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Husband, father, grandfather, friend...a few of the roles acquired in 62 years of living.  I keep an upbeat attitude, loving humor and the singular freedom of a perfect laugh.  I don't let curmudgeons ruin my day; that only gives them power over me.  Having experienced death once, I no longer fear it, although I am still frightened by the process of dying.  I love to write because it allows me the freedom to vent those complex feelings that bounce restlessly off the walls of my mind; and express the beauty that can only be found within the human heart.

Astronomy Picture of the Day

Saturday, August 13, 2011

Furballs and Hearts***

Copyright © 2011 by Ralph Couey

*Chicago Tribune
August 19, 2011
as "Unwavering Loyalty"

*Baltimore Sun
August 19, 2011
as "Unwavering loyalty"

*Somerset, PA Daily American
August 20, 2011
as "Unwavering Loyalty"

The first dog in my life arrived under a Christmas tree when I was 6 years old. He was a Dachshund, small and wrinkled, with eyes that were barely opened. My sister and I took him into our arms and our hearts, naming him "Brownie."

We played with him constantly, taking him everywhere. At night, it was at the foot of my bed where he took his rest.  After only a year, he died when some miscreant threw a piece of poisoned meat into the back yard.

My sister and I were devastated.

But on Christmas Day two years later, our parents presented us with another tiny Dachshund, which we also named Brownie. He was with us for 17 years, a long time for a dog. We loved him and he us, but he didn’t take too well to my fianc√©, unnerving her with his relentless silent glare. And every time we came home, he would be standing at the top of the stairs, leaned out as far as he could in order to see around the staircase and greet us with wagging tail and a joyful bark.

But as the years passed, he began to suffer. His back legs became stiff, and then paralyzed. Finally, my Mom could stand it no longer and without telling the rest of us, she took him to the vet and gave him his final rest. I remember that moment of shock and loss; the sudden hole in my heart.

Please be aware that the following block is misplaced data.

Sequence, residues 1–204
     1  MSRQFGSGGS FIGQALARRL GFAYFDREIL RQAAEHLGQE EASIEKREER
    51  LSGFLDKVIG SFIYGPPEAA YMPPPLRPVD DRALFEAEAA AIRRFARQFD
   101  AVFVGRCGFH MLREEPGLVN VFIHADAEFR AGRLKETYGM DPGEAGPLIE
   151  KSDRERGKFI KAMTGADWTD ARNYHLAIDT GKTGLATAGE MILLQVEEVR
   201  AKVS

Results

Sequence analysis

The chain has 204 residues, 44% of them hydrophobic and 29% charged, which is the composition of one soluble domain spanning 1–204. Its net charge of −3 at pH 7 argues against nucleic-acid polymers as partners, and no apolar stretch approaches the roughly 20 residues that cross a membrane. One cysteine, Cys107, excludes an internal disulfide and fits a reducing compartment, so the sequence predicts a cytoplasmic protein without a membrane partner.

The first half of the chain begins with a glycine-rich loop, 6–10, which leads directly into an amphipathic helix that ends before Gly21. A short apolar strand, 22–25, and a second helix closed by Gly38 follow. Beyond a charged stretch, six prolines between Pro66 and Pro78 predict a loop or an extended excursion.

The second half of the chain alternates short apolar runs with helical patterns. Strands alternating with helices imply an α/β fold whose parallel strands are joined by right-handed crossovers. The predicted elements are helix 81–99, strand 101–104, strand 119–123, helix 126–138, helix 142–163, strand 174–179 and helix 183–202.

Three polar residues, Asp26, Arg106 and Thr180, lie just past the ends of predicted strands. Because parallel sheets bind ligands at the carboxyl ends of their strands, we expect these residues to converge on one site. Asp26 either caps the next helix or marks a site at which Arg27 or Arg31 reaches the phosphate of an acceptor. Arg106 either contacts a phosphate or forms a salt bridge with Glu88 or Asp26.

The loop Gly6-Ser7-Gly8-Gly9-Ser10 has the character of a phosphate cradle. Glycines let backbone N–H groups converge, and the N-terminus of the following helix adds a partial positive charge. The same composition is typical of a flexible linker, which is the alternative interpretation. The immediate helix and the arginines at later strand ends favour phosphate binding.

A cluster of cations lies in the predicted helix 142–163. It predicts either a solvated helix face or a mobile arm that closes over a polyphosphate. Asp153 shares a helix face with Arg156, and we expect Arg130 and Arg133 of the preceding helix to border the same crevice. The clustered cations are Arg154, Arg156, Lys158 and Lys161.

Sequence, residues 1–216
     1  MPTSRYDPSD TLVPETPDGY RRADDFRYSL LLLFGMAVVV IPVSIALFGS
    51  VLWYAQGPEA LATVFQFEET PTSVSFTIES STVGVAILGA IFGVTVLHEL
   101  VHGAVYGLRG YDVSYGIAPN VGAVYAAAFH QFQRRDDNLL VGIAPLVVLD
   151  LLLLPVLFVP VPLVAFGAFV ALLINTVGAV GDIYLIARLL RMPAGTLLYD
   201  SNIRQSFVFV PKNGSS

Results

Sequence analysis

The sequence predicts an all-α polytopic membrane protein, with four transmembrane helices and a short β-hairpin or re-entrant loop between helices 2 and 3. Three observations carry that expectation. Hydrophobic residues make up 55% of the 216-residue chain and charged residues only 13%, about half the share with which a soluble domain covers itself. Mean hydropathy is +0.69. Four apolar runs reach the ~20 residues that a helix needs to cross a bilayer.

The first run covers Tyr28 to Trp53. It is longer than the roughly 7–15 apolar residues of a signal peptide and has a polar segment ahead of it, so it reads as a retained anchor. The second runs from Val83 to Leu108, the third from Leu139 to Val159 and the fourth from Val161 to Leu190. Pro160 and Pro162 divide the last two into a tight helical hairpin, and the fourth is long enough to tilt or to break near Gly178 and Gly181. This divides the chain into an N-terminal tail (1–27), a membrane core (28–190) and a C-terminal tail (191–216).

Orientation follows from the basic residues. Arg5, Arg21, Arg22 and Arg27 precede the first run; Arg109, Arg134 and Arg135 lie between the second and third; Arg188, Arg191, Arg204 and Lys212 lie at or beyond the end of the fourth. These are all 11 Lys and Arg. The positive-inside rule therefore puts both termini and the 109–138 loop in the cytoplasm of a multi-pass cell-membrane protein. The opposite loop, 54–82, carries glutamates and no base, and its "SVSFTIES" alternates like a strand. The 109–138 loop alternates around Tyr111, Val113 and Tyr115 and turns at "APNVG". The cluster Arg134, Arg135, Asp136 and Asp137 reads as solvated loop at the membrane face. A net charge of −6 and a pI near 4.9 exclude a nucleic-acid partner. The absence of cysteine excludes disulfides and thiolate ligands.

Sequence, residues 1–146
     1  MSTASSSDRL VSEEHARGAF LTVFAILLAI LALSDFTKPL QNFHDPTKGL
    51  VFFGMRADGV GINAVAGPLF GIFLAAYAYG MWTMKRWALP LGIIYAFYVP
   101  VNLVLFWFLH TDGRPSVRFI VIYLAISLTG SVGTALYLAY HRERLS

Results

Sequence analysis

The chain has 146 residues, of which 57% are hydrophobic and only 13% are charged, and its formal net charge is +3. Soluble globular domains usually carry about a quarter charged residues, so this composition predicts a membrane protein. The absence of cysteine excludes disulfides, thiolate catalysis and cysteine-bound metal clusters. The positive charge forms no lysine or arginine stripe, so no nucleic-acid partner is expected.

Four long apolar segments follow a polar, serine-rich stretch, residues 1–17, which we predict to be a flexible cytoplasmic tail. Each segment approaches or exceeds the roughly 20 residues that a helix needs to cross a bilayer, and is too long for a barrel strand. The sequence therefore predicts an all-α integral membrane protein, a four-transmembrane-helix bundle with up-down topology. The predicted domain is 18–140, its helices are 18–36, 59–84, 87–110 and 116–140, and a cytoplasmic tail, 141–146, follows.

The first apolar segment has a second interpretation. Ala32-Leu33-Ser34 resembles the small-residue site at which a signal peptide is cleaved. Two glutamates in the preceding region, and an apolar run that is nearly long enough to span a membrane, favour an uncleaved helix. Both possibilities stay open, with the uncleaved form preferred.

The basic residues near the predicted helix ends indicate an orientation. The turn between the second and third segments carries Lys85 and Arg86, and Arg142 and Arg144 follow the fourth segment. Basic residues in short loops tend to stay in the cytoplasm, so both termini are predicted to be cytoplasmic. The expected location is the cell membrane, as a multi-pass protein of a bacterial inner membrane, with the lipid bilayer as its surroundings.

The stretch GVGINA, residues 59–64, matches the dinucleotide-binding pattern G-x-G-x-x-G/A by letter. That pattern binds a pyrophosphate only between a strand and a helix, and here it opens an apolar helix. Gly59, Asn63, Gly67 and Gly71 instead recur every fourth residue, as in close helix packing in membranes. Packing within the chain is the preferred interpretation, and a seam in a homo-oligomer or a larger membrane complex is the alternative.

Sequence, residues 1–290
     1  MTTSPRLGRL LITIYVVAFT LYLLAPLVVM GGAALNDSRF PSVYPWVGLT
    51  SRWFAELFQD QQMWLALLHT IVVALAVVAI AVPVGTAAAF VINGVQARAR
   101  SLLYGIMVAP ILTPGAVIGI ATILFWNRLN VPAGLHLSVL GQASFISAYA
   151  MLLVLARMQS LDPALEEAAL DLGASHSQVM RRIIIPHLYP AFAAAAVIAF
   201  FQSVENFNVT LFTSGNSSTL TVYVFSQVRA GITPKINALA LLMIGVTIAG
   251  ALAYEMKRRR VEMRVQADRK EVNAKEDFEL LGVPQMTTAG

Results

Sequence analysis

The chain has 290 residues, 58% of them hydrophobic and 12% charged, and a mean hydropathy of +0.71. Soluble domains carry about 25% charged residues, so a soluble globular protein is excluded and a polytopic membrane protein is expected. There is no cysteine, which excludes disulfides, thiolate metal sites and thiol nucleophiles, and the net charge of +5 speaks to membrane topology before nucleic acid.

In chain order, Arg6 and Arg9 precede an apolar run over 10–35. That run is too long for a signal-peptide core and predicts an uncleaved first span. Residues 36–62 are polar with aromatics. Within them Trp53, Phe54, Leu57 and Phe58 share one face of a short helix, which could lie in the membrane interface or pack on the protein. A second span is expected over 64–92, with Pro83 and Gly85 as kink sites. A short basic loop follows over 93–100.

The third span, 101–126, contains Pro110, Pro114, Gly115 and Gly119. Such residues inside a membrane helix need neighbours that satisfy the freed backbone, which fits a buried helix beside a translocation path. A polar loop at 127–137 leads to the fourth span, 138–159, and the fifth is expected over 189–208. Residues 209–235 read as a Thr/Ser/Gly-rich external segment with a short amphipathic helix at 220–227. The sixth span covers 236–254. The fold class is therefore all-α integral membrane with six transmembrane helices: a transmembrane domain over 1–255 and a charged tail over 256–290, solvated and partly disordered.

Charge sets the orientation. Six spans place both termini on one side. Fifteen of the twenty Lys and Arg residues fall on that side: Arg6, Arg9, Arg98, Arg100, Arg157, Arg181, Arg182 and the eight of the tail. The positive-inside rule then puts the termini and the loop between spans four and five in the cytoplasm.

I didn’t get another dog until after we were married.  We turned to the Humane Society, making two trips to the animal shelter. There were many dogs, but amid those jumping and yelping, and silent and quivering, there was one dog sitting quietly; composed and dignified. Cheryl walked by the cage door and suddenly stopped. She knelt down, and the dog responded, licking the fingers she stuck through the mesh. She turned and said definitively, “This is the one.” I know better than to argue with that tone of voice.

She was a Samoyed. In their native Siberia, they are sled dogs, herders, and guards. Their faces softened by a permanent smile, Samoyeds have a joyous personality, given to displays of pure cuteness. One couple came home to a burglarized home. Oddly, amid the damage and loss, there was a pile of dog toys in the middle of the floor. They concluded that this 65-pound mass of fur, flesh, and teeth had greeted the burglar by trying to get this unexpected visitor to play.

Her past was invisible; she was found wandering through the forest. But it didn’t take long for her to find her place in our family.

It was remarkable how she looked after our kids. My wife and I had to leave for work by 6:00 so it was up to them to make the schoolbus. But Samantha understood the routine.  Upon hearing the bus pull into the neighborhood, immediately made the rounds of all the bedrooms, barking incessantly, urging the kids out the door.

But Samoyeds only live to be 11 to 12 years, and old age is a trying and painful experience.  Cheryl and I made two tough decisions, a couple of months apart. Misty was first, nearly blind and in constant pain. Then came Sammy’s turn, after a long night of listening to her whimpering, and even howling in pain.

After that dual heartbreak, I was pretty sure we were done with dogs. Then our oldest daughter adopted a microscopic little terrier who she named “Tweeter.”  She was our wild child, and at the time, living with a pretty rough crowd.  She left Tweeter with us.

That was 11 years ago. He’s still with us, as sweet a dog as anyone could have asked for.  

The thing is, I know how this is going to end. I know how devastated we will be when he passes on. I try to prepare myself for that day, but I doubt my efforts will blunt the certain pain.

A dog is the closest thing to unconditional love next to God, Himself.  Our front door becomes more and more the barrier between the harshness of life, and that sanctuary of “home.” And nothing makes you more welcome than that wildly wagging tail, those bright, happy eyes; that sheer unbounded joy saluting our return.

We all need that. It’s God’s affirmation that we’re always loved.



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